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The Glenville Democrat
Glenville, West Virginia
January 15, 2004     The Glenville Democrat
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January 15, 2004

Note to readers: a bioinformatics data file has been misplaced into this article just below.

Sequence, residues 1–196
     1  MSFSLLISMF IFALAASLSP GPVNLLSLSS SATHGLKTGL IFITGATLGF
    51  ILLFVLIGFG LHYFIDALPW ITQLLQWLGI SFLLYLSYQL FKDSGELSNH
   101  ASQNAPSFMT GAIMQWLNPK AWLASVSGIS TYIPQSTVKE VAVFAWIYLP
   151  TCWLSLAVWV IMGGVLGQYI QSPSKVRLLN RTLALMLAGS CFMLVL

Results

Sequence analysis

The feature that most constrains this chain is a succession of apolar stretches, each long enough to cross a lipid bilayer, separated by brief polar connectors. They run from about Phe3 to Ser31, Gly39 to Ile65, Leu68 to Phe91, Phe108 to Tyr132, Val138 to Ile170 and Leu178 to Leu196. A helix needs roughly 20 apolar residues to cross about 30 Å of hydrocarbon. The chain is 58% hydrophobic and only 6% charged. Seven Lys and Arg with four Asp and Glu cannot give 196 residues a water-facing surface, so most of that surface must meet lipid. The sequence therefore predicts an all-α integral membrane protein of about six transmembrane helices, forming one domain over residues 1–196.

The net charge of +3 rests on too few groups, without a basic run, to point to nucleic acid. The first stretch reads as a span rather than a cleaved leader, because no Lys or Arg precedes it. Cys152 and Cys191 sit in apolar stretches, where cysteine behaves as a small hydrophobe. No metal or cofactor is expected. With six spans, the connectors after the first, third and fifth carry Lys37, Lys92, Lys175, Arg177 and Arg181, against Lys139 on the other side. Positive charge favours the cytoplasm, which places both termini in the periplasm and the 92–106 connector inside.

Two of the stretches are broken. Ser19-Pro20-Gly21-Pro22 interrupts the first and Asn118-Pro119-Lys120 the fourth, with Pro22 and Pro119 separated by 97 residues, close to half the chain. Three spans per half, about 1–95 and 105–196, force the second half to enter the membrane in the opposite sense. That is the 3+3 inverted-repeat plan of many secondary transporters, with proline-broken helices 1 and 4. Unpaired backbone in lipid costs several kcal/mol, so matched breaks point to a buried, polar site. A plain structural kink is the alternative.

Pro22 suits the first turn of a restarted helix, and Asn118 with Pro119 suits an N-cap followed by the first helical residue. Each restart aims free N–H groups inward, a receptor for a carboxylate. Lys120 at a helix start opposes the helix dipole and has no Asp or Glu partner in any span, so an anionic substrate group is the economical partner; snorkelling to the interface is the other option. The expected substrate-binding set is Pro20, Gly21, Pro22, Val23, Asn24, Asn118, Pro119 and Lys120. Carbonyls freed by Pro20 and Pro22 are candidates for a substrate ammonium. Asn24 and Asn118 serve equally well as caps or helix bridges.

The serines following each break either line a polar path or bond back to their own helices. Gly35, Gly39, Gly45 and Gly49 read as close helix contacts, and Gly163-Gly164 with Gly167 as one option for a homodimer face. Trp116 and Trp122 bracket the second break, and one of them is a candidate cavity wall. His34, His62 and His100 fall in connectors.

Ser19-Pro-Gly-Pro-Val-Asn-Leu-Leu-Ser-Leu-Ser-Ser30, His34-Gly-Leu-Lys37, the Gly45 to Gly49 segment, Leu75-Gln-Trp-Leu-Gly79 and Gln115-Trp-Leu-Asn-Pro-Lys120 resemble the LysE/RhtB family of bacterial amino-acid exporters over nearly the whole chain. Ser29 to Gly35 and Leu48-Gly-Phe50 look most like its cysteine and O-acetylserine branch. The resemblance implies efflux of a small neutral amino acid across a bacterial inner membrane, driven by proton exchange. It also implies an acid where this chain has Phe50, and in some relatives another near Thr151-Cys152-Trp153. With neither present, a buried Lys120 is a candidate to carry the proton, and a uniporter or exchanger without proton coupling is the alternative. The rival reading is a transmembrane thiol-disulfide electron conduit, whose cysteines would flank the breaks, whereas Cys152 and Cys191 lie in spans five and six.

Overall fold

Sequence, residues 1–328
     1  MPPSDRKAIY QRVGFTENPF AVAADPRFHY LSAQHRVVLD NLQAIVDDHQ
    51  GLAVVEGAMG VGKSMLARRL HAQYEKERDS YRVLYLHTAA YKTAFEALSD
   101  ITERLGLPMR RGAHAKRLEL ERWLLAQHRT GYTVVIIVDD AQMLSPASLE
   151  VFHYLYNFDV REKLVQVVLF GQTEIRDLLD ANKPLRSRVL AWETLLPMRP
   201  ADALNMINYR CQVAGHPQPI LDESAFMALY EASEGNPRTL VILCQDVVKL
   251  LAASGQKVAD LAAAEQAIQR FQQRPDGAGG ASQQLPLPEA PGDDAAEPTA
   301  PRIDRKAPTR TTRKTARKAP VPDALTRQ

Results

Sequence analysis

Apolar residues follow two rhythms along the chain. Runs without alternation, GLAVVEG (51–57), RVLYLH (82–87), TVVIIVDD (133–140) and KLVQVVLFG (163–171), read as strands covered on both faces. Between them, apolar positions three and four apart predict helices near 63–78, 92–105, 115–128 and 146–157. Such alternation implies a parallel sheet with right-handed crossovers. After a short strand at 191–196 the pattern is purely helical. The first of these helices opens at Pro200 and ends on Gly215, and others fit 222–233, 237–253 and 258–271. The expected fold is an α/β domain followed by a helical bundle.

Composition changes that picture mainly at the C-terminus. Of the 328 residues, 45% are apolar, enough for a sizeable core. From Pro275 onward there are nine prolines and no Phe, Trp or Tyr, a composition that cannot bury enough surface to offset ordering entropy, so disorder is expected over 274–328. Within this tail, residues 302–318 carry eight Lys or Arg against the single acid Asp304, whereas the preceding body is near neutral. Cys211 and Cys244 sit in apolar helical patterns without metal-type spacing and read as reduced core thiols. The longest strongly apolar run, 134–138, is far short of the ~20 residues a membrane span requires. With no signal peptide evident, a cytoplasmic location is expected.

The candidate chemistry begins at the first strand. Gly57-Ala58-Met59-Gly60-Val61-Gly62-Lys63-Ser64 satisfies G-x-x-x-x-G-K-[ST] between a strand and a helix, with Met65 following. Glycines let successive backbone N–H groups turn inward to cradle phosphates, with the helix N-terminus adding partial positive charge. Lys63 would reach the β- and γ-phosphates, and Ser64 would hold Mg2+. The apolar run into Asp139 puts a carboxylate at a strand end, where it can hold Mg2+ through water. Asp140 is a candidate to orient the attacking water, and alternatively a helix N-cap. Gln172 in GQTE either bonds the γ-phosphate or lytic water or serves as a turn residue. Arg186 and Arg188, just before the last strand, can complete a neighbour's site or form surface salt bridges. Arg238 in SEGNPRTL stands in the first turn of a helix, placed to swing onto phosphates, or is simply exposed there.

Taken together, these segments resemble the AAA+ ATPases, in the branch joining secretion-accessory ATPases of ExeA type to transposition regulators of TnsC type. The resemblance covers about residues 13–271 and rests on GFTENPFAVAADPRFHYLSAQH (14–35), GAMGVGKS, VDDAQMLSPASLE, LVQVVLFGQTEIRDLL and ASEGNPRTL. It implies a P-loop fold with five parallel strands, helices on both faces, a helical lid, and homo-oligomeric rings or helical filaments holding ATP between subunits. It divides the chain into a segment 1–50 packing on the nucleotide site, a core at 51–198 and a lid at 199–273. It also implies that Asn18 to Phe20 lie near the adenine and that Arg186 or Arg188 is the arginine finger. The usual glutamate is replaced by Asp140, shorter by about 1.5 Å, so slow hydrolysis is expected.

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The Gienviile Democrat/PaLhfinder T eursday, January 15, 2004 -- Page 3 ] I On improving Glenville and Gilmer County in the New Year With citizen activist Jim James presenting a --- for young adults, teaching them discipline, long laundry list of what's wrong with Gilmer team work, good attitudes, and fitness. County, perhaps some editorial comment The Thirdly,GilmerCounty isgrowing, sothere should address the dismal issue, are a wide range of opportunities to start-up The listing, which was read at a recent Co]coran new businesses on a shoe-string budget and Gilmer County Commission meeting, was Column to succeed. For example, from what I've seen, the old and new restaurants- all of them -- written not by Mr. James, but apparently an "anonymous author." By David H C0rccxan seem to be doing well. In addition, Glenville I might mention that this newspaper doesn't Punisher-Error State College's Technology Department is publish anonymous letters, like this one. un- offering a comprehensive assortment of less someone's life or job may be at-risk. In the evening classes to the general public relative case of Mr. James's intercepted letter, there to the Internet. I even took one of them to was nothing new in it, at least to me. As a support our local restaurants on a regular learn how-to use "e-Bay" to sell some of my result, there was no valid reason why the basis. In that way, they'dbein abetter position junk; I want to do that when I get the time. author should not have identified himself or to comment on the quality of the meals. More- Nevertheless, Mr. Larry Baker, the v-p for herself. I take it that they were just "chicken." over, they might just find out that for a small Technology, wants to offer even more courses Entitled "Why BOP (Bureau of Prisons) county, we have some mighty fine restaura- for the area's people in the future. employees are not locatingin GilmerCounty," teurs who offer a wide variety of dishes -- Fourthly, to follow-up on the last point, it's the litany of lacks lists, in part, the following something for everyone's palate, a great benefit to GilmerCounty to have GSC problem areas: Likewise, I'm not sure what the author located here. So many people I know, both The absence of a hospital; meant about property values. Looking at our younger and older folks, use the college regu- Our"isolation from major commerce cen- local realtors' listings in this newspaper larly to get their higher educations. For in- ters," or larger cities; weekly, I'd judge that a variety of homes do stance, the mother and daughter team, who No discernible environmental protection; exist here at different price levels. In 1995, I own the J & J Discount Store across from Lack of good restaurants; scoured the county for a home, finding the Glenvilte'sPostOffice, got their college edu- No competitive increase of property val- ideal place for me right here in Glenville. At cations at GSC before starting up their own ues; the same time, there were also attractive and business. This is another business, along with Lack of opportunity for a second wage reasonably priced homes throughout the Little Kanawha Gifts next door, that needs earner to find adequate employment;county, community support. Look over their prod- - Flooding: and the Of the prison personnel with whom rye ucts; you'll be surprised at their quality and Lack ofprogress in improving the county's come into contact, the spouse has found a job. prices. In fact, if I had the time; I'd invest my economic climate. ' Now, I'll admit that not a whole lot of jobs are own time and money in establishing a new Addressing these issues currently available here, but with the new business here --- the sky's the limit here. Of course, everyone knows that no commu- businesses, like IRC (the IT company) start- Additionally, I know of a couple of prison nity or county -- anywhere -- is perfect, ing up here, the future looks much more personnel who are working toward their col- Likewise, Gilmer County isn't either, promising, lege degrees at GSC. And, I'm sure that more At the same time, in 19951 moved here, and Finally, one has to be deaf, dumb and blind are doing it, too. The College is just handy for have yet to regret it. I like liqing in a small, not to see that the economic climate in Gilrner all of us, especially those who want to ira- college town in rural Appalachia. The county's County is better today than it was a decade prove their job skills, get a new career or to charms and warm-hearted people have way ago. Much of this, of course, is due to the enrich their lives. GSC is an asset to this out-weighed its limitations -- for me. construction and operation of the $100 rail- communitythatour"anonymousletterwriter" Although I'd prefer to live closer to a hospi- lion federal prison outside of Gienville. At the doesn't realize exists, even though the vener- tal, I'm not old enough to need one on a regular same time, many other new businesses, such able institution of higher learning has been basis, as perhaps the writer of the anonymous as Gilmer Concrete, Dollar General, and here since 1872 letter does. When I get that sickly, I'll move to Babcock Truss Division, among others, have Fifthly, I've never seen a county (and I've Morgantown and write my editorials and col- located here, making for a brighter economic lived in seven different ones in West Vir- umns from up there. (Yes, rm knocking on climate. And, I might add that most of the ginia) that.has such loyal support from its out- wood, asI'vebeenblessedwithgoodhealthso time, thenewbusiness'sfirstcontactpersonis of-county natives. Many distinguished ex- far.) Mr. Jim Fealy, the executive director of the residents come home via maintaining their IfI were married, I'm certain that being too county's active Economic Development As- old family homeplaces, churches and sehools. distant from shopping malls would be a major sociation. As a former state legislator and They, therefore, put a high price on preserv- problem. As it is now, I'm happy and glad that seasoned economic developer, we're fortu- ing the rich heritage that exists here. That's I don't have to put up with the daily traffic nate tohave him representing our small county helpful to all of us newcomers who don't yet generated by such commercial centers. In before heads of large corporations,know the ins-and-outs of our local history. fact, I can buy almost anything I really need in What's right with Gilmer? Finally, although Gilmer County isn't per- Glenville or the adjacent counties, and if I First of all, Gilmer County is located in a feet forentertainment, I still get a bigkickout can't find it here, that's a good sign that I don't beautiful, rural region of the Appalachian of the Folk Festival, Bluegrass Festival and need it. Mountains. Hence, residents can live in rustic other musical events around the town. Irt fact, As to environmental protection, I'm not beauty and enjoy a more isolated way of life. I've neverseen acommunity that has so many surewhatismeanthere.Iknowthateverytime (Some people just don't like congested city musicians who enjoy their avocations. Truty, there's a chemical plant problem orliquid spill living, so Gilmer County offers a contrast to music is in the air here, and once the Vision on the highways, plenty of the state and fed- that.) Plan is implemented, it will be a regular eral environmental people descend upon the Secondly, for a young family, this county weekly fair for all of us to enjoy and appreci- county, provides a good, safe and an almost crime- ate. I really resent the comment that "good res- free place to live Additionally, kids, who goBack to reality taurants" don't exist here. This past Sunday I to our schools, have the opportunity to play In his Letter to the Editor in last week's ate at three excellent local restaurants with my sports, as well as to participate in a wide range newspaper, Mr. Bruce Hathaway, a Gienville son who was visiting for the weekend. He's of club activities. For example, I don't know resident, points out that while some of the even a vegetarian, so is finicky about what he of anyone who has gone out for high school anonymous author's complaintscan'tbe fixed eats; he had no complaints, and even comple- football who didn't make the team. Contrast easily, others can. And, he makes many good mented the chefs at those locations, that to what you find in the big city schools points. Being the "Devil's Advocate," I'd say that where only the cream of the crop make the "Most of the improvements {needed that more Gilmer Countians ought to get out and teams. Moreover, sports are good activities Continued on Page 5 Musings of an oldfimer team driver over one weekend. Mr Cook consid- By Frances Myers Schmet~r, ered no task that needed to be done menial a.nd Glenville Columnist asked one of the clerks to take charge of the The memoirs as written by my father con- team. It was beneath the dignity of the clerk so tain some fascinating tidbits. I figured that I could advance my rank among He was born in Wayne County and gradu- the clerks by volunteering." ated from Marshall College in Huntington. "I had never handled a mule team and knew Because his father had died when he was four little of mule psychology The mules behaved years old, Dad and his four sisters all had to nobly with the wagon, and the delivering went earn their money for college I am quoting smoothly and was an interesting experience. from a chapter, entitled "HARDWARE In taking them to water Sunday morning, I got ?'~"t CLERK," in the book Dad wrote, on one mule bareback with just a halter and .... After school was out I went back home to leading the other mule with a halter. The led Huntington and clerked in the Huntington mule appeared lame and kept holding back. Hardware Store .... Mr. Cook, the proprietor, So I turned him loose on the way back, expect- ".appeared to have almost unlimited knowl- ing him to limp along behind. Instead, he :edge and was a good instructor and boss .... would run by me and kick, then lag behind and :Delivery was by mule team and a death in the run by again and kick with both feet. The mule :family of the driver called for a substitute I was riding began to trot faster and faster and driving broke into a dead run as we turned between two warehouses just enough apart to drive a wagon to the stable. The other mule was galloping behind." "I did not know what to do and So did nothing. As we approached the stable, my mule put on the brakes and I sailed on ahead into a patch of weeds. The mule turned a complete somersault and his hoof missed my head by inches. The weeds had grown up among bent-up hay-bale wire and I was not hurt at all." My dad, Charles Everett Myers, and his four sisters all became teachers. Ivy Lee My- ers retired in 1947 from teaching at Gienville State College. Rachel Flossie Myers retired from Salem College. Emma Frances and Mabel Amanda reiired from teaching at pub- lic schools in Huntington. . R:i :;: i : ........ ...And a peaceful New Year to all Dear Editor, New Year has been greeted by Man who I hope that all of the good people of our survives with good intention, but with vision pleasant Glen have had a year which leaves inevitably blighted by human frailty vitally them with good store of pleasant memories destructive in his nature.Yet, miraculously, andlittle burden of regret. May this New Year hope survives in every age and right-thinking open for all with the promise of blessed peace looks eternally optimistic to the future. So be andcontentment. Let us pray that the world at it, as we remain thoughtful and patient in large will hereafter honor the pursuit of hap- looking forward to what 2004 has in store of piness unselfishly and hedge ~ratification of us. self with conscience. In this Year of 2004 CE and the 228th year Much of the world at large today seems of our Democratic commonwealth, we face awry, but, as history has revealed, so has it once more another election year, and the seemed in every age immemorially. Every perennial spirit of uncertainty and unease is rife in the land. Of immediate concern is the advent of new(?) Presidential leadership. There are many who with reason and judg- ment politic are praying that the incumbent will be returned to his natal neighborhood, and that the our new leader will have the wisdom, intelligence, and sound judgment to reawaken once more the goMen aspirations of our Founding Fathers. Pax Nobiscum. Carl Kerr Glenville More Letters to the Editor on Page 5 --- Additional writers on community Issues are needed Our 'Letters to the Editor' Policy We are in need of more letters to the editor. Feel free to send them in to us. sign the letter via snail mail. Deadlines for letters are Mondays at 10 a.m. for Just remember our policy on the letters, that week's paper. After 10 a.m, they can be accepted for that week as pa/d Local ne~vspapers have long been the sounding boards for political, advertisements. However, it would appear for free in a future edition. personal, and patriotic views and this paper is no exception! Also. for writers who consistently send in Letters week after week, these Relative to writing responses, please keep in mind our Editorial Policy: we messages are constantly evaluated as to content and to purpose, so they may will accept letters on a space available basis only and they will be subject to be considered as an adve.rtisement, especially if they are weekly, lengthy, and the Editor's scrutiny as to content relative to libel, good taste and timeliness, re:"etitious of previous letters. Nevertheless, you will be contacted if the latter A good length is generally one to one-and-a-half standard typing pages, is the case and will be charged only our regular advertising rate. double-spaced. The decision of the Senior Editor will be final. Letters must For more information, contact either Dave Corcoran, St. or Jodi at 304-462- be signed in order to be published - e-mailed letters must include a phone 7309. number where your identity can be verified, but you may still be required to ~ Last Issue Before Election: News, Letters, & Ads ~ . Th~ ~ng-standing p~icy ~f this newspape~ has a~ways b~en that if~ ; tj the issue bef~r~ a~ ~e~i~n' ~n~ ca~didat~ ~ ci~iz~n makes a~egati~ns ab~ut an~t~ candidat~ or issue, that the other party he given the right of rebuttal. Readers of this newspaper know that we editors have had this policy in effect for the past eight years in order to make certain that the journalistic and ethical principles of fairness and equality be assured on these pages relative to both the news and advertising side,;,/ It is not understandable why some victims of the November 19-20, 2003 flooding disaster in Gilmer County would not apply for the federal aid that they deserve and are paying for by way of their annual taxes. But, Mr. Frank Blake, a FEMA spokesperson from Sutton, reports to us editors that someone (or, sadly, more people) is always missed by FEMA during these crises. He, also, emphasizes that this disappointing reality doesn't have to be. In fact, flooding victims throughout this region still have time to meet the federal deadline for filing disaster claims. To apply for this government assistance through the Federal Emergency Management Agency (FEMA), just do so before next Tues., Jan. 20,2004 -- the official deadline. Typically, almost all victims, principally damaged households and/or businesses qualify for some form of FEMA relief. And, as we understand it, to FEMA no loss is too small to be considered. So, local residents and businesspeople whose properties were damaged by the Novem- ber flooding are urged to complete an application by first calling FEMA's toll-free tele- registration number 1-800-621-FEMA (3362). Moreover, applicants With hearing or speech impairments may call (T'I"Y) 1-800-462-7585. Phone lines operate from 8 a.m. to 6 p.m., Mon.-Fri. FEMA routinely teams up with other appropriate federal agencies to provide grants to pay for temporary housing, minimal home repairs and other serious disaster-related expenses. Residents and business owners may also be eligible for low-interest loans from the Small Business Administration to help cover residential and business losses not fully compensated by insurance. FEMA, which is now a part of the U. S. Department of Homeland Security, continues its mission to prepare the nation for all hazards and for managing federal response and recovery efforts following any national disaster. As a result, when a Gilmer Countian calls the toll-free 1-800-621-3362 number by the January 20 deadline, he or she gets an experienced recovery person on the other end of the line --someone who can make what had been a dismal situation look much brighter. Hence, Gilmer Countians, don't miss this opportunity that has been extended to us! DHC, Sr., Publisher.Editor Head Start theft is despicable The Head Start students of Gilmer County, who are the youngest and most at-risk learners, deserve all of the help and encouragement that they can get from area civic clubs and the general public. Most of these young people come from families with meager financial means, so they have not had the educational and cultural advantages that are available to more affluent families. As a result, as ils name signifies, this local and national program affords these small children with the ideal chance to get a "head start" on their formal public education. Consequently, their time in the Head Start program offers them enriching and educating opportunities that bolster their learning and knowledge skills in order to be prepared for entering the local school system. As a result, the culprits, who robbed the Head Start School at the Gilmer County Recreational Center's Poor Farm basement on the Jan. 3-4 weekend, are particularly sorry individuals. Moreover, this is the second time the school has been burglarized, the robbers whisking away with mostly computers and many other electronic products. Hence, the students have been robbed of basic educational opportunities that these modern learning tools can offer. The Head Start's teaching staff is understandably outraged, dejected and angry about these two burglaries. In the main, they try very hard to provide the best education to these mostly disadvantaged'children, so when a device that they depend on is stolen, it hurts both teaching and learning. Moreover, because of the tight federal and state budgets, the possibility of replacing this costly equipment quickly is remote. Because of these systematic thefts at the Head Start center, we editors reco0amend a regular, nightly patrol out there by local police authorities. Then, maybe these low life robbers can be caught, prosecuted and the stolen goods, recovered. To these youngsters, that would be a fairy-book happy ending. DHC Glenville's 'Hump' a continuing danger Carla Weaver, a Tanner resident who, on New Year's Eve, was forced off the highway at "The Hump" in Glenville, had a good idea. The lady urges Gilmer Countians, who are of a like mind, to call State Commissioner of Highways Fred VanKirk at 304-558-3505 in Charleston to request that this dangerous road problem be repaired permanently. The Hump is located on SR's 5133/119 (North Lewis Street) near the front entrance of the Gilmer County Senior Center, making an even better reason for fixing it the fight way ASAP. To-date, the Highway Department merely scrapes off the recurring mound to make it level with the city street/state highway and, then, repaves it. Sadly, The Hump always returns, this time forcing Ms. Weaver offthe road and endangering her life. In addition, she tightly observes that the county's school children on their buses are also in jeopardy of life and limb at that highway obstacle. Because the problem apparently needs a permanent fix with steel pilings to hold back the under-shift of dirt from the muddy hillside, that's what we recommend that our Gilmer County Highway Department seek to accomplish. Indeed, like a recurring cancer over the past coupleof years, this malady has proven itself to be a big problem m one that needs major surgery, not just new bandages once a month. We commend the public-spirited Ms. Weaver for speaking out on this important issue and recommend other citizens do likewise. -- to Commissioner Fred VanKirk. DHC Ed SAN'/TY'. b THAN THEY TAKE I"N" "FOUR MORE YEARS, FOUR MORE YEARSI" (from o cow's point of view) MAD COWS, MAD POLITICS & JUST PLAIN MADNESS -- GSC Professor Emeritus George Harper. our newspapers award-winning cartoonist, sees the wodd perhaps in a slightly different way than the general population. It's always good to get his novel point of view, especially dudng an election year. DHC, Sr., Publlaher-Editor